Mixels (lost episodes of cartoon based on Lego toy line; existence unconfirmed; 2014-2016)

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End of intro S3.png

Logo for the show, as part of its first half-hour special.

Status: Existence Unconfirmed

Mixels is an animated television series based on the Lego toy line of the same name produced by Cartoon Network Studios and aired on Cartoon Network from February 12th, 2014 to October 1st, 2016; consisting of two seasons and 25 episodes ranging from 1-minute shorts to half-hour specials.

Production codes for this series used a standard nine-digit production code format. Initially using the format of 501-296-NNL (two numbers and a letter), near the end of season 1, this was changed to 701-NNN-N00 (all numbers).[1]

Listing these production codes reveals several unused production codes for potentially lost (and/or unproduced) episodes of the series.

Codes that went unused were 501-296-000 (though it likely may have been used for a demo reel by season 1 and "Mixel Moon Madness" animator Vincenzo Zumpano), 501-296-03D (which would place it in production order between the episodes "Elevator" and "High Five"), 501-296-05B, 501-296-05C, 501-296-05D, 501-296-05E, 501-296-05F, 501-296-05G, 501-296-05H, 501-296-05I (though this may have intentionally been unused due to similarities between the upper-case "I" and the number "1"), various codes starting with 701-NNN-4NN (see below), 701-NNN-500, and 701-NNN-800.

One particular case is with the show's second half-hour special, "Mixel Moon Madness", which was produced under the 701-NNN-4NN production umbrella. 400 was used for the full special, while various codes were used for short scenes and transition scenes in the episode. However, these codes have gone unused: 402, 403, 404, 405, 406, 407, 408, 409, 410, 416, 418, 419, 420, 424, 426, 427, 428, and 429. It is possible that they are either deleted scenes from the episode or even intended for another fourth-wave-centric episode(s) that was never broadcast.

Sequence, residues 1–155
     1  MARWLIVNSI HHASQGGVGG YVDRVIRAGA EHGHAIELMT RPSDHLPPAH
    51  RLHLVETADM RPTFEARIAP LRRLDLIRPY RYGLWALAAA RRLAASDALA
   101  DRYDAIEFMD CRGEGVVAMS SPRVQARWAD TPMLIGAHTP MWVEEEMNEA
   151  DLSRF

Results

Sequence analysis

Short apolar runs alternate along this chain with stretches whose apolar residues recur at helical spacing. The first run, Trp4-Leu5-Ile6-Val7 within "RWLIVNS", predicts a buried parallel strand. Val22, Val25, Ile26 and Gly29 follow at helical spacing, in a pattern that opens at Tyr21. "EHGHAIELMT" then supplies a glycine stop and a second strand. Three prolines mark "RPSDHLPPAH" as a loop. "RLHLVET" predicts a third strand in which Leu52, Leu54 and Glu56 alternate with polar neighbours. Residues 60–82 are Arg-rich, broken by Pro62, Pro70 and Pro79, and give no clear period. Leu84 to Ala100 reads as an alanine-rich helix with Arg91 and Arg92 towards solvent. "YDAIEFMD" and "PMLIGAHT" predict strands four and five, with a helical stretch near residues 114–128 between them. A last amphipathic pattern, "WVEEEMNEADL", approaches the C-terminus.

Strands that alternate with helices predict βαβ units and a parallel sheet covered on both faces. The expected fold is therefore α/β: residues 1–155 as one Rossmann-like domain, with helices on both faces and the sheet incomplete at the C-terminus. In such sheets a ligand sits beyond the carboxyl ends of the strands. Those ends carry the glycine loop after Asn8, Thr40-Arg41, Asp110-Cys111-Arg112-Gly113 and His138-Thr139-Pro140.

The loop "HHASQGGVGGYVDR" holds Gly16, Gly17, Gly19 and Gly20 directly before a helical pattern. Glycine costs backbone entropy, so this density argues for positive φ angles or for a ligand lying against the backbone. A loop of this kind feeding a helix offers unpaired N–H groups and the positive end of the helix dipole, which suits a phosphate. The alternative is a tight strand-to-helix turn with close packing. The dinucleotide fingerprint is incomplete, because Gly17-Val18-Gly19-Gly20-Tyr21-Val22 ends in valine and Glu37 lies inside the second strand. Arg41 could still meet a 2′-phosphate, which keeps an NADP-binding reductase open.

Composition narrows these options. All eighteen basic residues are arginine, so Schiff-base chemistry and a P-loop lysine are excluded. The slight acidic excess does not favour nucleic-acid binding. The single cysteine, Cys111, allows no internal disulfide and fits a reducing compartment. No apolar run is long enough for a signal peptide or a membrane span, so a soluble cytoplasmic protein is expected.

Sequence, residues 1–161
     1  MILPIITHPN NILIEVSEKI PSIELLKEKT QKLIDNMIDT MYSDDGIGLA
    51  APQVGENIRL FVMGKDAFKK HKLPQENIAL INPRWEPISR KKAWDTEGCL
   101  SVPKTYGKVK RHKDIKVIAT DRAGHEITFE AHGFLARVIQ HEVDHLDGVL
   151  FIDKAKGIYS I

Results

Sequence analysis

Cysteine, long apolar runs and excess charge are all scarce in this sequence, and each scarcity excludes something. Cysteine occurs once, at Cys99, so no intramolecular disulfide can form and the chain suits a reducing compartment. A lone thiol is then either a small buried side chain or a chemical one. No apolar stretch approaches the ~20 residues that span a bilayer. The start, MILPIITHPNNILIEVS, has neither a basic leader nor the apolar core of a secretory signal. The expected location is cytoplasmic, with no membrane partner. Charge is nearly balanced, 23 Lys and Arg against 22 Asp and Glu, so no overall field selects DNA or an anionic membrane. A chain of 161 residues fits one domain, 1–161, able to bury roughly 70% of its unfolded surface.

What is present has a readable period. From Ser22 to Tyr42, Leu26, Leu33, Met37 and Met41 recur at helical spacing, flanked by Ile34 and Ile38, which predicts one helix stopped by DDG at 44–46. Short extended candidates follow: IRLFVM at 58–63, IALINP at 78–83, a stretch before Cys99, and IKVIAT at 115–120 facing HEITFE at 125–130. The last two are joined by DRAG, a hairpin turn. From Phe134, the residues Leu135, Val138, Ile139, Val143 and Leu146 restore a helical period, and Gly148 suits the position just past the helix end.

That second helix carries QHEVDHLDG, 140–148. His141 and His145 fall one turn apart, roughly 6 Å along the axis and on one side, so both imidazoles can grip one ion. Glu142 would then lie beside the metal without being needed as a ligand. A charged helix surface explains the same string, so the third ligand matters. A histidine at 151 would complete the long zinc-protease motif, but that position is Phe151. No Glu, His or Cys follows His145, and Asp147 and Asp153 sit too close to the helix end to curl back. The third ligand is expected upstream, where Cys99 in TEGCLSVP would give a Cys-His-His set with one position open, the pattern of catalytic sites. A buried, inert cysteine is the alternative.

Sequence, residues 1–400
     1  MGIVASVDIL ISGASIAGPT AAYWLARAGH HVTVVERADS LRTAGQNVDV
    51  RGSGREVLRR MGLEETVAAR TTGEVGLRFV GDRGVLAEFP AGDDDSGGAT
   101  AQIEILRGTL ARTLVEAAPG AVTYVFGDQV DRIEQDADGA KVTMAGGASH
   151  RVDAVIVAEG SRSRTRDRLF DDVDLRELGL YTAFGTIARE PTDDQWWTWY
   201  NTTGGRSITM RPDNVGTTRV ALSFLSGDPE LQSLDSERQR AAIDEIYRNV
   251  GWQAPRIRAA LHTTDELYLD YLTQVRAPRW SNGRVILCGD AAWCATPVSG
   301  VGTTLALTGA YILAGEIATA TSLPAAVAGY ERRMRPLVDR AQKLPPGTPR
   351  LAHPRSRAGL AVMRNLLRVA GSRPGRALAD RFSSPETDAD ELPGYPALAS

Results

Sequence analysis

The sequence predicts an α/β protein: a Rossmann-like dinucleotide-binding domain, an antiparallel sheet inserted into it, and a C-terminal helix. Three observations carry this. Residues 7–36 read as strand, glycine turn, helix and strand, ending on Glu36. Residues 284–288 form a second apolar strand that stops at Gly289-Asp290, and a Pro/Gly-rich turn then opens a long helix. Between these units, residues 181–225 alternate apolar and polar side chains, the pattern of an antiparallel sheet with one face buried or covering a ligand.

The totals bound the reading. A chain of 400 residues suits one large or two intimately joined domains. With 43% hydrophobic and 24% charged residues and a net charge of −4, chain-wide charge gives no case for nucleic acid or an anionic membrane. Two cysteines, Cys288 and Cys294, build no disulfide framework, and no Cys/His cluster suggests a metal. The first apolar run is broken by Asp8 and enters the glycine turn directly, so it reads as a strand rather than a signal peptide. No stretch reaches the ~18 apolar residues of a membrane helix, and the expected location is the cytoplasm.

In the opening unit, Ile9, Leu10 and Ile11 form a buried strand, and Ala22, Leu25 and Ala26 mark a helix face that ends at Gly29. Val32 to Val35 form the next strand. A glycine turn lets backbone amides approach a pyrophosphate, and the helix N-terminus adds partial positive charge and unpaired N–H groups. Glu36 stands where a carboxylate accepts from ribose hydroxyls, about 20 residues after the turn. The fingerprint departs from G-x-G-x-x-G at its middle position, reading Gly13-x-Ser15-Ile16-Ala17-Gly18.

Two other production codes; 501-296-100 and 701-NNN-300; were initially thought to be unused. 701-NNN-300 has been revealed to have been used for cutscenes in the iOS/Android game Calling All Mixels; and 501-296-100 has been revealed to have been used for "Movie," a mysterious special that featured most of season 1's shorts in the style of "Mixed-Up Special" that only aired in India and Italy and was released on a VCD in Poland.

Otherwise, no information exists to prove that these codes were actually used for any media, as no images or videos with these codes have been discovered. It is rumored that Lego sets for scrapped Mixels characters may have been made that logically would make appearances in these specials (one of the scrapped Mixels characters would, indeed, be made into a character in The Lego Movie 2 named Chocolate Bar[2]), though it may also be referring to unseen Lego models used as guides for animated versions (as is the case for all of the main Mixels) of the Background Mixels, generic Mixels used throughout season 2.

Mixels Wiki Comments

LMW user TheYoshiState brought this information to additional fans of the franchise in March 2019 via a blog post on the Mixels Wiki (under the nickname MattDet). Multiple users commented on the blog post with additional leads.

First, one user met Billy West and asked him about his involvement with Mixels (through voicing the characters Gobba, Lunk and Tentro), and West said that production on the show was rushed, and the actors were basically put into a recording booth and told to read out the lines. This could possibly mean that some of the shorts were so sloppily done they were scrapped, including the episode that likely has the 501-296-03D production code (part of the third batch (03) of shorts, which debuted West's characters, who are all from the tie-in toy line's second wave).

According to another user, it is possible that the lost episodes may have intended to feature Mixes that were never seen on the actual show but were used on the show's now-defunct website. Similarly, the lost 701-NNN-800 special may have featured Maxes from the toy line's seventh wave onward, most of which never received animated styles. In addition, an illustration in Calling All Mixels features the antagonist Major Nixel having been knocked out, it is also possible that this illustration could have been intended for one of the lost shorts.[3]